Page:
For regulators, previously it would be enough to set out how the jurisdiction's regulatory framework was equivalent to international standards, now they have to go much further, it includes items such as how many examinations had been undertaken, a description of the risk system and how a business is selected for a visit using this system, providing facts as evidence of the outcomes from an examination, setting out how many prosecutions the jurisdiction has made both of businesses and individuals from a criminal or regulatory angle. These areas are not too hard to provide in facts and figures.
But when it comes to more subjective, or arms' length qualification that provides the evidence of positive results from a regime it becomes much trickier.
Standard setters are asking: how have businesses changed their behaviours as a result? And how do regulators evidence that? Put simply, there will be, and we are already seeing, much more control testing of entity remediation (enforcement activity and/or supervisory examination) to provide the evidence and demonstrate that effectiveness.
An expectation shift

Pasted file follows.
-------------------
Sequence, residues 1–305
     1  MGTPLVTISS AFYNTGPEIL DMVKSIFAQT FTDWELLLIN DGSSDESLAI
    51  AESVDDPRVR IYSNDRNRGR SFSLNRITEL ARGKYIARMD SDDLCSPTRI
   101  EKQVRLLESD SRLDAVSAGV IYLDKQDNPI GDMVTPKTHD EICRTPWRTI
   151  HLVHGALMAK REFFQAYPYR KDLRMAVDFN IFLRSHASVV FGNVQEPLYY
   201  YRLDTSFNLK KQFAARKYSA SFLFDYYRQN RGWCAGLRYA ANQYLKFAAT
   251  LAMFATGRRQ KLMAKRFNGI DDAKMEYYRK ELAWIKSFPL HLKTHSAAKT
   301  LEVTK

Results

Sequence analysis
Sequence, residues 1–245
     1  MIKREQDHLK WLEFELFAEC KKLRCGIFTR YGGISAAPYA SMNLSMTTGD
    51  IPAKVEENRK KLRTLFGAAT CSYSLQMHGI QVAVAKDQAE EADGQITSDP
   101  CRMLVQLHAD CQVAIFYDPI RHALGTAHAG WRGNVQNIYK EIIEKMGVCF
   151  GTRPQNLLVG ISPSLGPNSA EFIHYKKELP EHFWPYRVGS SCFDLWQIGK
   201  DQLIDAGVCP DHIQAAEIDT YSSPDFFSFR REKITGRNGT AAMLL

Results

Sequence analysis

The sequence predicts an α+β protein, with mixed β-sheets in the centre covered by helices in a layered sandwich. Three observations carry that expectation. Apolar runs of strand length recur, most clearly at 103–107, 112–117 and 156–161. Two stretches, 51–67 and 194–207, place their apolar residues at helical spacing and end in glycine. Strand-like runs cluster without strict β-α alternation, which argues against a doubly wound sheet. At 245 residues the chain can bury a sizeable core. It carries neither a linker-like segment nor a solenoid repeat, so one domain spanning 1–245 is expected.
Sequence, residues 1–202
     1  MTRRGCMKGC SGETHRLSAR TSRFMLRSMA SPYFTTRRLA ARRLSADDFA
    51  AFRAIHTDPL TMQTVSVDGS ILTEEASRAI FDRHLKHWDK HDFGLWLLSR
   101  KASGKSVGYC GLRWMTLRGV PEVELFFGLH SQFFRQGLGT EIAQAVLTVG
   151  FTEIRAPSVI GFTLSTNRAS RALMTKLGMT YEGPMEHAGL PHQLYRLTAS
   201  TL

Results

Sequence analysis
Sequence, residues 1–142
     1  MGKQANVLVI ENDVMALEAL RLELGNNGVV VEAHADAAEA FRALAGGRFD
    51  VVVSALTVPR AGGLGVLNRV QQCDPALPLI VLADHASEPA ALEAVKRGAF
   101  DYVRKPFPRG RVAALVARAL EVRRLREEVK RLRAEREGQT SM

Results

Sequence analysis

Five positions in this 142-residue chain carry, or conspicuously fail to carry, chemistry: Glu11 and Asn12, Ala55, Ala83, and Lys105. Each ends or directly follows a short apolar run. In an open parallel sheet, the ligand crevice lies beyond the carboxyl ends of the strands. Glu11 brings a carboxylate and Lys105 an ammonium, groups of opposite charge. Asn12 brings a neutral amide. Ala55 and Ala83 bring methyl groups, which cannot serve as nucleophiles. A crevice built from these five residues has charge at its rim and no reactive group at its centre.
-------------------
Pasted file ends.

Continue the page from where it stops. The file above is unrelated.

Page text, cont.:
In this environment, the expectations of the regulator have clearly shifted. Gone are the days of where financial services businesses simply had to have a compliance officer, a procedures manual and a business risk assessment (BRA). Now, this is a given, it's essentially seen as technical compliance. What's expected in addition is not as simplistic. Take for example, the BRA. In the new era of evidencing effectiveness businesses need to demonstrate how it produced or produces its BRA, when and why was it last reviewed, are there board minutes and documented debate in relation to it, what evidence is there of any independent assurance or testing of it, what if any questions arose as to whether or not the business has mitigated risk differently as a result of producing it, have service lines altered, have client take-on procedures changed, have resources been increased in x and reduced in y as a result.